SCOTTISH ministers have been urged to make 2022 the year they solve food insecurity across the country.
Labour MSP Rhoda Grant has appealed to coleagues across Holyrood to back her Right to Food Bill, which would enshrine in law the ability of Scots to access food, regardless of how much money they have.
According to the Trussel Trust charity, which operates a network of foodbanks all across the UK, some 84,555 food parcels were delivered to Scots between April and September this year.
The number of people relying on foodbanks has also risen as a result of the £20 cut to Universal Credit implemented by the UK Government, campaigners say.
In August, the Food Foundation reported that 10.3 per cent of Scots were experiencing food insecurity.
Research published in April by the University of the West of Scotland also highlighted that the pandemic had exacerbated food poverty, with foodbanks and other support systems unable to cope with the increase in demand combined with operating restrictions.
Ms Grant, Scottish Labour’s chief whip, has also challenged the Scottish Government to do more to tackle food insecurity, and urged ministers to support her bill.
She said: “There is no reason at all why anyone should be going hungry in a wealthy nation like Scotland.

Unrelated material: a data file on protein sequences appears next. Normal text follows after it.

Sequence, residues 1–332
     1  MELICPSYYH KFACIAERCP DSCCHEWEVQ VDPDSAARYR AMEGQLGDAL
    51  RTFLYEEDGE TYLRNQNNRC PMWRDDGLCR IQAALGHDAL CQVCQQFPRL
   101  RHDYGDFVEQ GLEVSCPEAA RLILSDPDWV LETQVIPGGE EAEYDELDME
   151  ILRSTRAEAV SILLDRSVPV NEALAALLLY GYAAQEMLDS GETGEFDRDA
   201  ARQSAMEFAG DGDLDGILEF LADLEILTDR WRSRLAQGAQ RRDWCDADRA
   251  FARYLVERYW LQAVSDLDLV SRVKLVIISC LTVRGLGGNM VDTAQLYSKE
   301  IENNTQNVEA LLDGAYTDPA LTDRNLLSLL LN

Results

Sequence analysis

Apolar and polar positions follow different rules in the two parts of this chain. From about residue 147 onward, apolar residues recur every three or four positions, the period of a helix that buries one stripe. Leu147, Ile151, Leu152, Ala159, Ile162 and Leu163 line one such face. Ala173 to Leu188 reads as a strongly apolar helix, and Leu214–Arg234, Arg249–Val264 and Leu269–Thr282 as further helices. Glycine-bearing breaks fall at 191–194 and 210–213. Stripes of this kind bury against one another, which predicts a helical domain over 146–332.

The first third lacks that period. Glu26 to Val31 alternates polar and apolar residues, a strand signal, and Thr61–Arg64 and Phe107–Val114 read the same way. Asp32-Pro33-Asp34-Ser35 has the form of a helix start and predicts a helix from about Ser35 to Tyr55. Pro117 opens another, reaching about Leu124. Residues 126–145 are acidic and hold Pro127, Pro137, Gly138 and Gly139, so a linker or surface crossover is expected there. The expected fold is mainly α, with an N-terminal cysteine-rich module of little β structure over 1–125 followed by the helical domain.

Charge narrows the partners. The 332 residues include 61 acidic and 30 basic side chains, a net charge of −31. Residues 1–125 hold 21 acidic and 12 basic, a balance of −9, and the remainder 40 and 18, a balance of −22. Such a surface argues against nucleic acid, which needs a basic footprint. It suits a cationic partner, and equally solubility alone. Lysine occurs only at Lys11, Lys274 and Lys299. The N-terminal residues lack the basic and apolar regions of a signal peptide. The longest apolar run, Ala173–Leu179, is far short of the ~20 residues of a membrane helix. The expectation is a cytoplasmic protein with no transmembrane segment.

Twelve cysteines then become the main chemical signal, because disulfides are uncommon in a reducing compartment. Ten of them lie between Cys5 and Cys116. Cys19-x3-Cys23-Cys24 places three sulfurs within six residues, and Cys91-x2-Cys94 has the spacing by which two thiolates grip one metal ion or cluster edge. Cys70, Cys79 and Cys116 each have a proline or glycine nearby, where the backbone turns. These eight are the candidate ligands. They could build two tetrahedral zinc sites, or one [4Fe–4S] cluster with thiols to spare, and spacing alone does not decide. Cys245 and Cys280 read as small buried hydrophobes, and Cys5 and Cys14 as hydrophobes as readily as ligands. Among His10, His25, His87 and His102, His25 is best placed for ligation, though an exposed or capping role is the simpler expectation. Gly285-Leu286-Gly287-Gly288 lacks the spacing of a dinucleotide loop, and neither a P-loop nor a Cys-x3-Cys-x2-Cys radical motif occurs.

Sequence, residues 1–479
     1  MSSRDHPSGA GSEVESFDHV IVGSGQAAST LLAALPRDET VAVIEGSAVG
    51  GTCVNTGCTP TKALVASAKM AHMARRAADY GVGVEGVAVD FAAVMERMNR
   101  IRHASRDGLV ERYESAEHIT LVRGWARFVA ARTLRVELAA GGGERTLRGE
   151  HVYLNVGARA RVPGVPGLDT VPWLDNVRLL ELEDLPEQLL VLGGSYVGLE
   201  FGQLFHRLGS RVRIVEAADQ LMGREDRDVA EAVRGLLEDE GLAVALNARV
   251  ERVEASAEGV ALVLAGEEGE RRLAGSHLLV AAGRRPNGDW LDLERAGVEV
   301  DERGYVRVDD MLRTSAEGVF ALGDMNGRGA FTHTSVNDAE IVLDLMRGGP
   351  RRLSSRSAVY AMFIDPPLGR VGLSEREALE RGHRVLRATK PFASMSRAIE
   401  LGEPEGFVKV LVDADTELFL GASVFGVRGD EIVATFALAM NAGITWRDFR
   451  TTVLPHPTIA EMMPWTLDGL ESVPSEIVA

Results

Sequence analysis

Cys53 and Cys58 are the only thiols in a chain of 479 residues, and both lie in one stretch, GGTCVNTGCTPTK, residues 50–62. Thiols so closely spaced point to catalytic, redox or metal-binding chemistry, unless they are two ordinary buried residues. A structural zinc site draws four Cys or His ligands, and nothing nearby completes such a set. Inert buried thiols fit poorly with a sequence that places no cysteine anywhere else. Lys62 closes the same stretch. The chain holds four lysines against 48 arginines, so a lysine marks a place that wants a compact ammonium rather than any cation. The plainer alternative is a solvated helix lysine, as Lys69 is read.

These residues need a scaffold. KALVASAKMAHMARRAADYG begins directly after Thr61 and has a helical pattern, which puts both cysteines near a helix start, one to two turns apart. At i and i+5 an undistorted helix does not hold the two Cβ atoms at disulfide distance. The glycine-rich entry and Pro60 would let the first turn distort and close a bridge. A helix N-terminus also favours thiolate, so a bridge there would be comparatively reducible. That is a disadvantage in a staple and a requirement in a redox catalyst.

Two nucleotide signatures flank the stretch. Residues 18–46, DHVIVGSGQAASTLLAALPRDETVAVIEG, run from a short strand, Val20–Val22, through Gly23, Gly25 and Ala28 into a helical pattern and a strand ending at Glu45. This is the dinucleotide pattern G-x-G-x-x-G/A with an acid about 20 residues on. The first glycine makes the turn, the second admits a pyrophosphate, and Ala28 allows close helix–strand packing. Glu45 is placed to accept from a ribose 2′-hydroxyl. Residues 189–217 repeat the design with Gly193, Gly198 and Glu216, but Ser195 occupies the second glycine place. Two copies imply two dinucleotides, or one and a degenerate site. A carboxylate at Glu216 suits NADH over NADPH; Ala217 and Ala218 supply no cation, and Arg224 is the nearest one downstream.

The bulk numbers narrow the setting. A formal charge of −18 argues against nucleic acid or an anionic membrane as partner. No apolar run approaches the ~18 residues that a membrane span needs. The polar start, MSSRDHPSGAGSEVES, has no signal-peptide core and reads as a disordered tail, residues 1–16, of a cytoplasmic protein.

“The evidence is clear – thousands of Scots are in food poverty and many more are being put at risk due to Tory cuts.
“We simply cannot stand back and allow this situation to continue.”
Ms Grant added that the “political will” to end food poverty in Scotland was essential to tackling the issue, saying: “If we have the political will we can end food poverty in Scotland by enshrining it as a human right in Scots Law.
“This will send a powerful message to the country that we are serious about tackling the scourge of food poverty and force us into action.
“Let’s make this a reality.”
A Scottish Government spokesman said: “Our draft national action plan on ending the need for food banks as a primary response further reiterates the Scottish Government’s human rights approach to tackling food insecurity.
“We prioritise action to prevent poverty and promote cash-first responses to hardship so that people have sufficient income to access food that meets their needs and preferences.
“There are early indications that this approach making a difference, with the Trussell Trust reporting a marked reduction in the number of emergency food bank parcels in Scotland between April-September 2021 compared to 2019.
“In October, we announced a £41m Winter Support Fund for low income households to help people struggling financially this winter.
“The Fund includes £25m funding to local authorities which they can use flexibly to respond to emerging local need, with a strong emphasis on cash-first responses.”